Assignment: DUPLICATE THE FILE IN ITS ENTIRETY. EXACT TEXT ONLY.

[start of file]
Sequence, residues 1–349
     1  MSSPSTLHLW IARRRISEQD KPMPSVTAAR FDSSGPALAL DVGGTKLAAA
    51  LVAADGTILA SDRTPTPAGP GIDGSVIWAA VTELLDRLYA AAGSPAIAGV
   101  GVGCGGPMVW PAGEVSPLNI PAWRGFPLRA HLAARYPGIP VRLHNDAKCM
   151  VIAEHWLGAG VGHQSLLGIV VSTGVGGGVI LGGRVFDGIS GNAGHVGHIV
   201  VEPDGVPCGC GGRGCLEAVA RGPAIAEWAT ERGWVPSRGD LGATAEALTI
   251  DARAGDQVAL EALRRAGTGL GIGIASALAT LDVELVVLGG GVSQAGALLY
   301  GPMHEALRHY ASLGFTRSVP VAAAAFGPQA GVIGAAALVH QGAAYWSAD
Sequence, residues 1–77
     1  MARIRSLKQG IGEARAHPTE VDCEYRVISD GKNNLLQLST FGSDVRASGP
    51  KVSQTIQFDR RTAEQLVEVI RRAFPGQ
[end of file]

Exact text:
Sequence, residues 1–349
     1  MSSPSTLHLW IARRRISEQD KPMPSVTAAR FDSSGPALAL DVGGTKLAAA
    51  LVAADGTILA SDRTPTPAGP GIDGSVIWAA VTELLDRLYA AAGSPAIAGV
   101  GVGCGGPMVW PAGEVSPLNI PAWRGFPLRA HLAARYPGIP VRLHNDAKCM
   151  VIAEHWLGAG VGHQSLLGIV VSTGVGGGVI LGGRVFDGIS GNAGHVGHIV
   201  VEPDGVPCGC GGRGCLEAVA RGPAIAEWAT ERGWVPSRGD LGATAEALTI
   251  DARAGDQVAL EALRRAGTGL GIGIASALAT LDVELVVLGG GVSQAGALLY
   301  GPMHEALRHY ASLGFTRSVP VAAAAFGPQA GVIGAAALVH QGAAYWSAD
Sequence, residues 1–77
     1  MARIRSLKQG IGEARAHPTE VDCEYRVISD GKNNLLQLST FGSDVRASGP
    51  KVSQTIQFDR RTAEQLVEVI RRAFPGQ